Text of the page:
It truly is a three-horse race for Best Picture. Steve McQueen’s 12 Years a Slave is a drama both brutal and uplifting—right in the Academy’s wheelhouse. No one could deny that it’s an important film, and a beautifully made one. But sneaking up on the inside is American Hustle, precisely the kind of gorgeously mounted fluff that the Oscars just love to give surprise awards to (remember Chicago?). David O Russell’s crime caper sports stunning costume design, whip-smart dialogue and terrific performances, which, given the huge number of actors who vote in this category, could well swing the vote in its favor.
But let us not overlook Gravity, which has had critics and audiences swooning, and has plenty of momentum following a pair of Bafta wins (for Best Director and Best British Film). If the Academy decides to court the multiplex vote, this is the one they'll pick.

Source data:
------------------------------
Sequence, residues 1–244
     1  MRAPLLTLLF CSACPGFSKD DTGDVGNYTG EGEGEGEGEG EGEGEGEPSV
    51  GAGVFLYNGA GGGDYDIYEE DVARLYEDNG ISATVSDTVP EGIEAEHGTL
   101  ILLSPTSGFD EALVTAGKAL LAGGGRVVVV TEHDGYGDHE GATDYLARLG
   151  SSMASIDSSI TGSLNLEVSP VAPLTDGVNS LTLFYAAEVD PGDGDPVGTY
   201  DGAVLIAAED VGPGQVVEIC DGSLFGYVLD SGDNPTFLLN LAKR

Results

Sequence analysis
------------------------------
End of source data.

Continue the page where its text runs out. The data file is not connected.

12 Years a Slave may simply prove too heavy going for the Academy’s old-timer voters. It’s hard to imagine them relishing the idea of being lectured on their nation’s historical crimes by a foreigner—especially a Brit. American Hustle is fizzy and fun, but will its lack of substance leave it wanting? And Gravity may be the popular choice, but the big prize has never gone to a sci-fi flick before.
Who else is nominated?
AIDS drama Dallas Buyers Club may sport strong performances and powerful subject matter, but the film just isn’t impressive enough. The Wolf of Wall Street is probably too brash for Oscar tastes—too many drugs and hookers, not enough lesson-learning. And the lack of a Best Actor nod for Tom Hanks in Captain Phillips means that film is clearly not uppermost in the Academy’s hearts and minds.
Nebraska, Her and great British hope Philomena are the kind of spry, indie-ish character pieces that always pick up nominations but rarely grab the big prize (bearing in mind, we said the same thing about The King’s Speech a couple of years back).